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Same evidence, different beliefs

Different beliefs can fit the same evidence. Read about how that does not mean the different beliefs are equally reasonable.
Suppose Ted succumbs to a weird delusion. He believes dogs are spies from the planet Venus. Of course, his friends explain to him that he’s mistaken. They point to the abundant evidence that dogs are benign terrestrial pets, not devious alien plotters. Dogs are clearly not very intelligent, they say. But Ted denies this: they are intelligent, they choose deviously to keep their intelligence hidden. ‘But how do they communicate with Venus?’ ask his friends. ‘They have no radios or transmitters.’ Ted explains again: the transmitters are in the dogs’ brains. ‘But we’ve scanned dogs’ brains and there are no transmitters in there!’ add his friends. Ted responds: The transmitters are made from ingenious material indistinguishable from brain stuff. Each time evidence against what Ted believes is provided, Ted can, with some ingenuity, explain it away. By such means, Ted can make his belief consistent with – fit – the evidence. But if to believe reasonably is to hold beliefs that fit the evidence, then Ted believes reasonably!
Of course, something has gone wrong here. Ted really is utterly deluded. But what’s wrong with his thinking?
For a belief about the world to be reasonable it is not enough that the belief be shown to be consistent with the evidence. As the Ted case shows, any belief, no matter how absurd, can with ingenuity be made consistent with the evidence. That’s not to say it is confirmed by the evidence – actually supported by the evidence.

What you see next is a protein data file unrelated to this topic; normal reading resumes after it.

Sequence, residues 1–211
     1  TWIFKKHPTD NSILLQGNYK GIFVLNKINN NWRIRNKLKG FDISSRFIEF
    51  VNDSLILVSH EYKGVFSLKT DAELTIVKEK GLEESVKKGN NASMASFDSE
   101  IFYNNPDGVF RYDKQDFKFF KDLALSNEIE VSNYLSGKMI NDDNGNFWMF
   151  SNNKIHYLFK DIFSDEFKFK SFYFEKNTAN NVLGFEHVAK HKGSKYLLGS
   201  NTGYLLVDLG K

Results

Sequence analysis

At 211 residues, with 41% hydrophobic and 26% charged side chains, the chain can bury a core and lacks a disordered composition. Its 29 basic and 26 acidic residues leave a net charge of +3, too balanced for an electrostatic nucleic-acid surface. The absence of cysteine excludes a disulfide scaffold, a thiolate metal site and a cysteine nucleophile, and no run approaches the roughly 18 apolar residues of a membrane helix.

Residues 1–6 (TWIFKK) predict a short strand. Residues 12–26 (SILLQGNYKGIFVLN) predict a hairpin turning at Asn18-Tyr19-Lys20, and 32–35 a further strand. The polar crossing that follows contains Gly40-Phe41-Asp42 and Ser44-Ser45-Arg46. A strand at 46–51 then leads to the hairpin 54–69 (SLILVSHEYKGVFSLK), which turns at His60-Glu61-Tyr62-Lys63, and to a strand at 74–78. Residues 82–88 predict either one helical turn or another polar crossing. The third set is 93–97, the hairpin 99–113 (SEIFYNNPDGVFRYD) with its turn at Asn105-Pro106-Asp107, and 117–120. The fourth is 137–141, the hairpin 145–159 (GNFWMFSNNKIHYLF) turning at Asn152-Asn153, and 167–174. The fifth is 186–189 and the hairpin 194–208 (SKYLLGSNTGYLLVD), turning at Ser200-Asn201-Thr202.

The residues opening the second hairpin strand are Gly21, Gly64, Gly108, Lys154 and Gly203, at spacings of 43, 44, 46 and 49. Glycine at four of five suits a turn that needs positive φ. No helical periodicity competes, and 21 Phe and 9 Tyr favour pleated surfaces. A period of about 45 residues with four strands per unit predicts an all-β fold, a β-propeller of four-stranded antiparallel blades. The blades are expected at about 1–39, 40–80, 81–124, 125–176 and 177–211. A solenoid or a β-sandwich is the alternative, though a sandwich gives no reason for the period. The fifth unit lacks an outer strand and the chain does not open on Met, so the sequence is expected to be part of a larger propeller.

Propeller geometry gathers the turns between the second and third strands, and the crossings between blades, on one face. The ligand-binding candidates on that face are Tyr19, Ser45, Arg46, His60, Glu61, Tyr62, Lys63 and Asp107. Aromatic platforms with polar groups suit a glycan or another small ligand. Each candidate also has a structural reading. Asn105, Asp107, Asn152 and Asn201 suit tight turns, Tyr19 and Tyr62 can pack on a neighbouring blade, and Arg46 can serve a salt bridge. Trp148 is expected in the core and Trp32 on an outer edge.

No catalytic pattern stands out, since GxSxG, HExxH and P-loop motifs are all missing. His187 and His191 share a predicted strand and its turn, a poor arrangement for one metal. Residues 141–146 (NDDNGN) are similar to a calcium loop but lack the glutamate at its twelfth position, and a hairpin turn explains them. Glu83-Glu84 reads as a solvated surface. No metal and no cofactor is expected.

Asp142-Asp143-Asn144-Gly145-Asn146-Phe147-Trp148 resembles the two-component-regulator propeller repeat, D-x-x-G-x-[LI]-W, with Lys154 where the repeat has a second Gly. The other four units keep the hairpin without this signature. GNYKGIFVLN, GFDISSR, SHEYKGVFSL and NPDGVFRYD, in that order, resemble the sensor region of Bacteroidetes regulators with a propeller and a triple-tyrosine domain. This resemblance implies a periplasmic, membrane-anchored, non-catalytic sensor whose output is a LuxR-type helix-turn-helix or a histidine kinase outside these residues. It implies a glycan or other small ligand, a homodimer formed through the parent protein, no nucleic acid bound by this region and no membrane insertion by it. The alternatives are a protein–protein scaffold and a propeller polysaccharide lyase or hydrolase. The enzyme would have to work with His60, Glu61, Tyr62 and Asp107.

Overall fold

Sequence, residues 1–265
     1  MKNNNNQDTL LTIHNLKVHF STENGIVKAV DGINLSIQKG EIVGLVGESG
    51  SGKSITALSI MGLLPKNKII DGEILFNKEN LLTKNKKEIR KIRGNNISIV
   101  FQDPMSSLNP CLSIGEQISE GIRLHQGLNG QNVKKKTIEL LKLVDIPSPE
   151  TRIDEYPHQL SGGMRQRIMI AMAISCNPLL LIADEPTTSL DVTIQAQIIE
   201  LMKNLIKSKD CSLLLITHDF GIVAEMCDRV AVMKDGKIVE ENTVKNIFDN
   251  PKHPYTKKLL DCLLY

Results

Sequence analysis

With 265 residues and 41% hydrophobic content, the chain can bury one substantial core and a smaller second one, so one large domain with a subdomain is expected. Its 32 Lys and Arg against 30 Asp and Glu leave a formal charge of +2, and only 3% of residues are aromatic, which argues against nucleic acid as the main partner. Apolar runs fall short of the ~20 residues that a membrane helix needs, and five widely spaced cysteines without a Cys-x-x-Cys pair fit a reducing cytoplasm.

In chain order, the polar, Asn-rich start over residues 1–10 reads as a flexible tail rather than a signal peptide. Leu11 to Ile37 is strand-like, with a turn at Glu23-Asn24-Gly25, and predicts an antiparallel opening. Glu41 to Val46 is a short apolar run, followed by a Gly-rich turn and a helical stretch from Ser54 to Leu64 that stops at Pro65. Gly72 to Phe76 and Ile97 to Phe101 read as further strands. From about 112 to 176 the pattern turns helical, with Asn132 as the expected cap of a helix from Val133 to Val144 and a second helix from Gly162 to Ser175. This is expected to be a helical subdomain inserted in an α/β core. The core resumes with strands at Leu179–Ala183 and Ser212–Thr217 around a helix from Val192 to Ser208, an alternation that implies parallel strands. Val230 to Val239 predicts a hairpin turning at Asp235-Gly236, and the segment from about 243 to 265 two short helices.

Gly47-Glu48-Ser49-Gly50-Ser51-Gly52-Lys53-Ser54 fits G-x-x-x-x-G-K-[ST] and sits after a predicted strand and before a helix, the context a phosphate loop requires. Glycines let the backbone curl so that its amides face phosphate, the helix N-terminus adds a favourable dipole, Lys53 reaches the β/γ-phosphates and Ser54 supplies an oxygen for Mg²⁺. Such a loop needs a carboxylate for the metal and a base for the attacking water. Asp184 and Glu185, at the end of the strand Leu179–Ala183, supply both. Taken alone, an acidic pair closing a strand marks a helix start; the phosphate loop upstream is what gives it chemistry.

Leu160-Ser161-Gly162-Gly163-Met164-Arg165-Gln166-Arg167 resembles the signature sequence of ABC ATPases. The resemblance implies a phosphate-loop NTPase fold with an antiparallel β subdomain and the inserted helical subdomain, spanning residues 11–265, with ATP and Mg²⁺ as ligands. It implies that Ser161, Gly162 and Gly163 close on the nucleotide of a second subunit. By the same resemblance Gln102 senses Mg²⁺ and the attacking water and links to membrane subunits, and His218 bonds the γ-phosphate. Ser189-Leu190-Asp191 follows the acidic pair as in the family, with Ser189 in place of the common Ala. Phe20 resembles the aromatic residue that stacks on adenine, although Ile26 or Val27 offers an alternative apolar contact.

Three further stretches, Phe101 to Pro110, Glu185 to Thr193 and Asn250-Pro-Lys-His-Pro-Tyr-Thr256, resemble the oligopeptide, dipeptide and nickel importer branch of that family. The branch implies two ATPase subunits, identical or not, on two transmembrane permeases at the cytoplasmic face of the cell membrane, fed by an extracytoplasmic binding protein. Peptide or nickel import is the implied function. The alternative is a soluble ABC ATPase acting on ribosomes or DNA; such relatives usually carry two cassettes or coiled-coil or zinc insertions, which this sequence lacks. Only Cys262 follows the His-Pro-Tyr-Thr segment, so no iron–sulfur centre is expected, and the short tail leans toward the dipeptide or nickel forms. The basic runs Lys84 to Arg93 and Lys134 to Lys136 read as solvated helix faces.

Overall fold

Many people who believe weird things – such as flat-earthers, 9/11 conspiracy theorists, and young earth creationists – can, like Ted, be highly ingenious when it comes to making their beliefs ‘fit’ the evidence.
Creationists, for example, often explain the fossil record – which very strongly supports the view that the Earth is very old and that species have evolved – by appealing to the narrative of the biblical flood (which drowned all creatures not on the ark and buried them in mud). Just like Ted, creationists construct extremely complex and ingenious explanations for the evidence we observe. Creationist Ken Ham writes:
‘Increasing numbers of scientists are realizing that when you take the Bible as your basis and build your models of science and history upon it, all the evidence from the living animals and plants, the fossils, and the cultures fits. This confirms that the Bible really is the Word of God and can be trusted totally.’ (our italics)
Ken Ham, The Lie: Evolution
Religious people, too, often stress how their ‘worldview’ is just as good a ‘fit’ with what we observe of the world – ‘makes sense’ of what we observe – as is the naturalistic worldview. Again, some religious people claim this establishes that their religious worldview is just as reasonable as the naturalist’s. But, as should now be clear, mere ‘fit’ doesn’t establish that.
So when is a theory actually well-confirmed? That is a contentious philosophical question well worth exploring further, but it’s clear that mere ‘fit’ is not enough.
Question: If more than one theory fits the evidence, how can we choose between them?
The article by Michael Marshall below may help you to consider the question.
This article is from the free online

Introducing Humanism: Non-religious Approaches to Life, with Sandi Toksvig

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